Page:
Conventional or classical dendritic cells (cDCs) have a characteristic morphology defined by long dendrite extensions and high MHC class II expression. Although there appears to be functional homology between mouse and human cDCs, these cells express unique, species-specific markers. Mouse lymphoid tissue-resident cDCs are found in the thymus, spleen, lymph nodes, and Peyer’s patches. These cells are either CD8 alpha+ or CD11b+. Mouse CD8 alpha+ cDCs are recognized for their ability to cross-present extracellular antigens to CD8+ T cells, produce IL-12 and IFN-gamma upon activation, and prime Th1 and cytotoxic T cell responses. In contrast, the CD11b+ cDC subset preferentially activates CD4+ T cells and induces Th2 or Th17 differentiation. In addition to the lymphoid tissue-resident cDCs, three subsets of mouse migratory/non-lymphoid tissue cDCs have also been identified. These include CD103-CD11b+ cDCs, CD103+CD11b- cDCs, and CD103+CD11b+ intestinal cDCs. Migratory/non-lymphoid tissue CD11b+ cDCs are functionally similar to lymphoid tissue-resident CD11b+ cDCs, while CD103+ cDCs share similarities with lymphoid tissue-resident CD8 alpha+ cDCs, including their ability to cross-present antigens to CD8+ T cells.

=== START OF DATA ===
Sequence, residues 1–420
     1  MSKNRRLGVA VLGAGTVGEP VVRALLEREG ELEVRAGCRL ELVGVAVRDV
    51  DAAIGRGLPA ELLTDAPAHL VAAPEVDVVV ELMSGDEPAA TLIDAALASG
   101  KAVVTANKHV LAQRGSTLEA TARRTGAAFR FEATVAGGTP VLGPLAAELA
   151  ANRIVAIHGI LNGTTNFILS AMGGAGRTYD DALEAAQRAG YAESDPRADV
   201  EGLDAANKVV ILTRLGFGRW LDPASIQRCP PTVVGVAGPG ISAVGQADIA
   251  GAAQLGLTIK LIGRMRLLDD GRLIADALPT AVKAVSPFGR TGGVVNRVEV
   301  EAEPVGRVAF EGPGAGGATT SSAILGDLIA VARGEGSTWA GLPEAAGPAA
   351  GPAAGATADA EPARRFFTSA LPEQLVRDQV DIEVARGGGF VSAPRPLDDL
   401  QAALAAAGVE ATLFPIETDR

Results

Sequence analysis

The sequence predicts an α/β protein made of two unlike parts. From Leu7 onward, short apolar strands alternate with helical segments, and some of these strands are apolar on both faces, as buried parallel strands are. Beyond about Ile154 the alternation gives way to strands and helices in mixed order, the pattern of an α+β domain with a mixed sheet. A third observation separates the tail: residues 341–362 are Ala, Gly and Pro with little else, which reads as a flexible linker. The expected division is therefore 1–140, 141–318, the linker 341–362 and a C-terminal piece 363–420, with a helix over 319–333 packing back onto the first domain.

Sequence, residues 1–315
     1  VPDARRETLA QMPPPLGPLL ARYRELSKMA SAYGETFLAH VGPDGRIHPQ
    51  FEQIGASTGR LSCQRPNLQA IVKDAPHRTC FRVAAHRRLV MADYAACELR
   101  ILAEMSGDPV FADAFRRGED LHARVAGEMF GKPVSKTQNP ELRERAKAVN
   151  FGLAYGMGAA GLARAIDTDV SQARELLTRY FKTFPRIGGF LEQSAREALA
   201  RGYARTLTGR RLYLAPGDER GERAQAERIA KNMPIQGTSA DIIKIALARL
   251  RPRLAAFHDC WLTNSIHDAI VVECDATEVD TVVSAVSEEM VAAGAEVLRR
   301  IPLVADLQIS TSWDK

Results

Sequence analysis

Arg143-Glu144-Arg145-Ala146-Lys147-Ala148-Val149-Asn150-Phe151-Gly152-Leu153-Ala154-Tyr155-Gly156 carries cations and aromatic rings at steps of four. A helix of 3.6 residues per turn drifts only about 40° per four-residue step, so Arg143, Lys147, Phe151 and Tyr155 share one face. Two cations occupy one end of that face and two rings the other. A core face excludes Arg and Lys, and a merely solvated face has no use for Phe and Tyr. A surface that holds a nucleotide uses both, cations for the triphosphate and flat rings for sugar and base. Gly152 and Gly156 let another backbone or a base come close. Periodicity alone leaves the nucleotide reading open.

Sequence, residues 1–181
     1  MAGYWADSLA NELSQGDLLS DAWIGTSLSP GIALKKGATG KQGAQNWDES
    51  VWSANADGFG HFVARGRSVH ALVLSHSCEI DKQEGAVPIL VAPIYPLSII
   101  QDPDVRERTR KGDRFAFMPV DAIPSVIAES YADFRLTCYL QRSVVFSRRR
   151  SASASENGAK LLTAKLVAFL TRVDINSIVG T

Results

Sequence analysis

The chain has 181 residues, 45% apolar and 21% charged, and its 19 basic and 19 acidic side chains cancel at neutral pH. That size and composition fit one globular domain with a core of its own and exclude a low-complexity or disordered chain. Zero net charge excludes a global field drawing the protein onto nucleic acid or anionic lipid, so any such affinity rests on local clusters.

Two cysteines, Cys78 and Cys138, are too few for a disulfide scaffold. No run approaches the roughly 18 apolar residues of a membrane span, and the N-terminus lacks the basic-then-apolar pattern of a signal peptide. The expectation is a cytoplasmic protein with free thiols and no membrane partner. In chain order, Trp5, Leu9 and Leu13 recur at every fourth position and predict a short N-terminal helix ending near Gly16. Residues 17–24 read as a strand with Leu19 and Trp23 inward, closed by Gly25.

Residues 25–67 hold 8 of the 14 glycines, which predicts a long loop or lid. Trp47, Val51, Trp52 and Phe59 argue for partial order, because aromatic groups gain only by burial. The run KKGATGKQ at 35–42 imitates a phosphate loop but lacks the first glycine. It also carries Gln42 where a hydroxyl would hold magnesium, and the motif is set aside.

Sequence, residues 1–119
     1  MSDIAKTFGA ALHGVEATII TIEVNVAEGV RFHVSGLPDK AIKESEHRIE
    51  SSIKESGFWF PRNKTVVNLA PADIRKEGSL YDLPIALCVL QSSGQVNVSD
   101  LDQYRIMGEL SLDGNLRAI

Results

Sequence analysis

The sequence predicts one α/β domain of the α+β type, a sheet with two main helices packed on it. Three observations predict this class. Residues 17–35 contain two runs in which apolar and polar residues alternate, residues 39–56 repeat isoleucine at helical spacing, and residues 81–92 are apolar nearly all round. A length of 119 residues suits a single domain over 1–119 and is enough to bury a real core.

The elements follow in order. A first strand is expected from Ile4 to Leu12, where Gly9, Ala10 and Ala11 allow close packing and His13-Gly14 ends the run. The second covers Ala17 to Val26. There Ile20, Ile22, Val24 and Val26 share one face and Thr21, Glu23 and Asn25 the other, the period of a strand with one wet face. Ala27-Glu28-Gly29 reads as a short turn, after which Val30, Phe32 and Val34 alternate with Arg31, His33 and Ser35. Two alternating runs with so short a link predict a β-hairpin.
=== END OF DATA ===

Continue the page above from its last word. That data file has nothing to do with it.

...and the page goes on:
Human cDCs are found in both lymphoid and peripheral tissues. Two subsets have been characterized that are both Lin- (CD3-, CD14-, CD19-, CD20-, CD56-) and either CD1c/BDCA-1+ or Thrombomodulin/CD141/BDCA-3+. Human CD1c/BDCA-1+ cDCs are thought to correspond to mouse lymphoid tissue-resident CD11b+ cDCs and share some key features including similar gene expression profiles and their ability to preferentially prime CD4+ T cells. In contrast, Thrombomodulin/CD141/BDCA-3+ cDCs act as phenotypic and functional equivalents of mouse CD8 alpha+ cDCs. They express the cell surface receptors, XCR1 and CLEC9A, cross-present extracellular antigens to CD8+ T cells, and promote Th1 differentiation and cytotoxic T lymphocyte activation.